The RollOnFriday Firm of the Year 2014 survey asked lawyers to rate their workplace for diversity. So which firms are firmly in the closet, which are all-white enclaves and which retire for cigars while the ladies wash up?

Firm of the Year Latham & Watkins scores a whopping 94% for diversity, although all the respondents comment on is the "money money money". The reality may be more like Kirkland & Ellis, where one lawyer says the family-friendly policy is "pretty straightforward: we pay you enough so you can have a nanny/send them to boarding school". Second-placed Baker & McKenzie (93%) "stand by what they say", says one lawyer. The firm has a "genuine commitment to diversity displayed at the highest level", says another. It was one of two law firms to appear in Stonewall's top 20 LGBT-friendly workplaces this year.

Field Fisher Waterhouse comes joint second in the diversity category. Its new man at the top, MP Michael Chissick, is openly gay, and dozens of staff credit him for making the place more equality-minded. But a female lawyer says that although FFW "may be a fine place for gay men", working mothers are "something of an endangered species around here".

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Firms all over the rankings attract criticism for their inability to solve the mystery of the disappearing women. A Norton Rose Fulbright lawyer says, "for all the talk about equality and diversity, there continues to be an obvious divide in mid to senior positions between men and women". At Hogan Lovells, "more and more people are being given the chance to work part time", says one lawyer, but "it's still a career-limiting move". As a Nabarro mum who puts in over 2,300 billable hours per year puts it, "very few of my kind seem to last long in this firm", and her tally "might explain why".



Golden Turd winner Parabis craps out with a truly pathetic 20% score, suggesting an environment so undiverse it would discomfit Bernard Manning. Clarke Willmott comes second last with 44%, and DAC Beachcroft is third bottom with 51%. "Female equity partners in London are rarer than an osprey over the Thames", complains one DAC lawyer. A lawyer at Freshfields says there are a "lack of senior role models" who are women, another at Herbert Smith Freehills says it has very few "realistic" female role models, and the complaint is common across the surveyed firms. However one Travers Smith lawyer mounts a defence for their firm, which made headlines last year for its treatment of a pregnant trainee. The story was "grossly overplayed in the press", they say, and was "not reflective of a firm that has made up a partner whilst pregnant and boasts some of the best working mums in the City".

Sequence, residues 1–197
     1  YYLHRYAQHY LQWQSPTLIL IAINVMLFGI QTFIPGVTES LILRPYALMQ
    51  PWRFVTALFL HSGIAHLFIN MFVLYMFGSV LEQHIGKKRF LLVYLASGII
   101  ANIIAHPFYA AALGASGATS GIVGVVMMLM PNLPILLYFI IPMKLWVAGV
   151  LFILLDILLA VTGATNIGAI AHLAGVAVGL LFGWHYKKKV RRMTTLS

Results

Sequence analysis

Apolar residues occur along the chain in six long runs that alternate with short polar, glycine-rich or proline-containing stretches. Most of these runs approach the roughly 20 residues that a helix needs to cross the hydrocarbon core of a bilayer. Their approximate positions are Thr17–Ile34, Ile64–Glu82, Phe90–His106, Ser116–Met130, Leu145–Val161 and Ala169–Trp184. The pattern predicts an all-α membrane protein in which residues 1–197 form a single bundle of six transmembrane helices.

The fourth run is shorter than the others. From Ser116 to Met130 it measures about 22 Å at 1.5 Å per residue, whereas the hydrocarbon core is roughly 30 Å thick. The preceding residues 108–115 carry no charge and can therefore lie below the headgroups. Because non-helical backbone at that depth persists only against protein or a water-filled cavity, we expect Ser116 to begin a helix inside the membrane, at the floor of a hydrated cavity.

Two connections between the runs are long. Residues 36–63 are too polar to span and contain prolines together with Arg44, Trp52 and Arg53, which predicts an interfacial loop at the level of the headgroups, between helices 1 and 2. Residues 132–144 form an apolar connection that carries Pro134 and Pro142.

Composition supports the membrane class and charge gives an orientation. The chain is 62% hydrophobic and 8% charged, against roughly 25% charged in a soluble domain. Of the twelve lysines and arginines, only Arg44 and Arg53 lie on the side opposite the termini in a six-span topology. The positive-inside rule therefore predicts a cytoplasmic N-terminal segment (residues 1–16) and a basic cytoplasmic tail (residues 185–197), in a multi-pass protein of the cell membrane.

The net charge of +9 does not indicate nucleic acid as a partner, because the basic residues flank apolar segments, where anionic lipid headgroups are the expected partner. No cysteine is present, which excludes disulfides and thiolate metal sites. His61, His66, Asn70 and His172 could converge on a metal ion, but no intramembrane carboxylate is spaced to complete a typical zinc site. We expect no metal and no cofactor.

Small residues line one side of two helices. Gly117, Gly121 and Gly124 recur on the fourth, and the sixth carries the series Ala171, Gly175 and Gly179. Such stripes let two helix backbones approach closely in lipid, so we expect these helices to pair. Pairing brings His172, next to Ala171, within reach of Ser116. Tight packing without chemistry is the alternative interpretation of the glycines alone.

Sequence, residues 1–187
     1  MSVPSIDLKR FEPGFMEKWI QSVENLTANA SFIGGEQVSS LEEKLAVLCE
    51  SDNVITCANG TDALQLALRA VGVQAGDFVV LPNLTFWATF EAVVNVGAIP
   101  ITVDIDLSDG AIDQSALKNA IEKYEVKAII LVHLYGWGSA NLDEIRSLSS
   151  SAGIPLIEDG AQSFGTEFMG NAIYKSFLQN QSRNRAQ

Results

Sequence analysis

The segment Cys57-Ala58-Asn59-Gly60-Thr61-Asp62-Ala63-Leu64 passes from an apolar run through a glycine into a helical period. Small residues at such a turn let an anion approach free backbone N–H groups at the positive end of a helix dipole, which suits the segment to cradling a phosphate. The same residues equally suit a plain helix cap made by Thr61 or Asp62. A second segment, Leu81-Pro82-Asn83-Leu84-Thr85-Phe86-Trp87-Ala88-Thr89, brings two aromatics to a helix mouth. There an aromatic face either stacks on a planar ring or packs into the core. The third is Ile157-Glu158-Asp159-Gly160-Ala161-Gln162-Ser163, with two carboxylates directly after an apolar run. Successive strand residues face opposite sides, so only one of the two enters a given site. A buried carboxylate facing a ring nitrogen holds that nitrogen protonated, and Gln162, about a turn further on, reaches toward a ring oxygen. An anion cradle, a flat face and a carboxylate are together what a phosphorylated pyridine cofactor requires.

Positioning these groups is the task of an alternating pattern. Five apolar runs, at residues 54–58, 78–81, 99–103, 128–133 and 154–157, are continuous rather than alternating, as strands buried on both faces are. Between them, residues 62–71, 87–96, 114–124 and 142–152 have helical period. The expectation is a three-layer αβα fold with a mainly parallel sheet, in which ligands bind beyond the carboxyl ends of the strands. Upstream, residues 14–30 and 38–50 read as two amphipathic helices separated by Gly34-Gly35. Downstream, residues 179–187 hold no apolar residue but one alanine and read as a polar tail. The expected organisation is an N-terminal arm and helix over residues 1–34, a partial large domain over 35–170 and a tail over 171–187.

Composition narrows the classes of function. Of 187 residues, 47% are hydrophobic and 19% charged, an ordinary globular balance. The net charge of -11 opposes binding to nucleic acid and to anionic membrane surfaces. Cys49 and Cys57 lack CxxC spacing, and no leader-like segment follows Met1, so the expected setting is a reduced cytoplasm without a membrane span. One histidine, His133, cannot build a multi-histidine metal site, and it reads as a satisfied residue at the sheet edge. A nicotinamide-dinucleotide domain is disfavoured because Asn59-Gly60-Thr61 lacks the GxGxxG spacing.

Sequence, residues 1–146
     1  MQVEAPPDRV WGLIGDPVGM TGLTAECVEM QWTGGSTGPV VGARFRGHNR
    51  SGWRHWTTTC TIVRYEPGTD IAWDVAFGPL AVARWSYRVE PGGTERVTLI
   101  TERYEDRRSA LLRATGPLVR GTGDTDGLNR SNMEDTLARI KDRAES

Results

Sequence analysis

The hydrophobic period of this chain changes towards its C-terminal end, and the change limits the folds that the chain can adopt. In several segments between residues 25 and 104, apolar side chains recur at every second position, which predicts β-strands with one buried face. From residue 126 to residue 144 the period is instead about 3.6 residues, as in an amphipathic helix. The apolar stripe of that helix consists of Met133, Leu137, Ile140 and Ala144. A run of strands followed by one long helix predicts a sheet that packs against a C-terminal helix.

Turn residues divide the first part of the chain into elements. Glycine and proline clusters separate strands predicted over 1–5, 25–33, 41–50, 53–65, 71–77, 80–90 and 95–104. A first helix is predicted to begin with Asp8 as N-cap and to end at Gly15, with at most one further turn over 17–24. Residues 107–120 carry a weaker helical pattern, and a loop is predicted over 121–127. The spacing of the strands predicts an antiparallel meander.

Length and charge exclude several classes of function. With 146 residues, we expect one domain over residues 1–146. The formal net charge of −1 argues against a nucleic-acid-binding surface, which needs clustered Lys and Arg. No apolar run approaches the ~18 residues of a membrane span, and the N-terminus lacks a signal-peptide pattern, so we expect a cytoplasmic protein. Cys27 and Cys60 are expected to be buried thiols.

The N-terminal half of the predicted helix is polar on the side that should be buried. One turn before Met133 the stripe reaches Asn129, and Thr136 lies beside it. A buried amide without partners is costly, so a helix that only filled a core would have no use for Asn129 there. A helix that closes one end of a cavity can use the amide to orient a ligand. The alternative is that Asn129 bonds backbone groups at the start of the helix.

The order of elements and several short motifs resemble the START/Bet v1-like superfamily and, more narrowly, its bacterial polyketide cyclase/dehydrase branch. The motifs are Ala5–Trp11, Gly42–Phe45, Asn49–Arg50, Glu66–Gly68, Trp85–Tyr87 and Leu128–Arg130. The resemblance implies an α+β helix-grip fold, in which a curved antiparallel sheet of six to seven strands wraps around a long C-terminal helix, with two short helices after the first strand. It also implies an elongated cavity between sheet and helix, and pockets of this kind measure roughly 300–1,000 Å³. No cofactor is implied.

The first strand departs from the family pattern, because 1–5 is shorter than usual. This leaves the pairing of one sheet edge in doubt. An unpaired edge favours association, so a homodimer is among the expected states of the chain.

The word is quieter on BME lawyers, possibly because there are so few. Linklaters is called "gay-friendly" but also "very, very, very poor on diversity re black associates", with "only one black trainee taken on last year". There is "only one BME partner" at RPC, says a senior associate. And while Eversheds scores very decently for diversity, one lawyer claims the ethnic minorities "are largely to be found working in the canteen".
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--- PRESS RELEASE ---

As part of out on-going commitment to diversity, leading law firm Lagos & Lagos LLP has agreed to employ it's first female staff member. In an innovative move Gen. Lawrence Baringa announced the intention to hire a female for a new role (cleaning assistant and head of female pastoral care) before 2020.

Reporters are asked not to mention a previous press release with the same heading from 2009 which was, of course, an April Fool's day joke.

Anonymous 14 February 14 11:22

Are we all still banging on about diversity? Clearly I missed a memo. I demand all female, all BEM shortlists for all positions NOW!

Matthew 14 February 14 11:54

It is precisely the sort of ridiculous comment above which explains why the profession is seemingly unable to address this issue properly. Gimp.

Anonymous 14 February 14 17:04

My line manager is a black female equity partner, I don't agree that the profession is inherently racist and I think this push for "diversity" encourages quotas which is wrong - the hire, promotion etc of staff should be merit based. Does a black trainee really want to be hired on the basis that it will tick a diversity box?

Anonymous 14 February 14 18:29

Diversity is clearly important and so whether diversity of trainees is taken into account? There's an imbalance in the large proportion of female trainees and if trainees are not 50/50 male/female then it follows something must be done, in the same something must be done about percentage of female partners.

Anonymous 14 February 14 23:15

I work at Eversheds. Lawyers are mostly white. If you see a black person in the office you can be sure they are a cleaner.

Anonymous 15 February 14 12:16

I was an employee in the Parabis Group until last year and am VERY surprised to see the firm in last place. A huge percentage of the managers and Partners are women, the managing Partners of the Northern offices are women and most of the fee earners are women. They are plenty of ethnic minorities in the Leeds office which reflects the local population. I can't really comment about the offices in the south, but would be surprised if it was totally different.

Anonymous 19 February 14 22:46

It is a joke that Parabis are bottom. Smacks of a hatchet job. It is a very diverse firm. Women virtually run the place.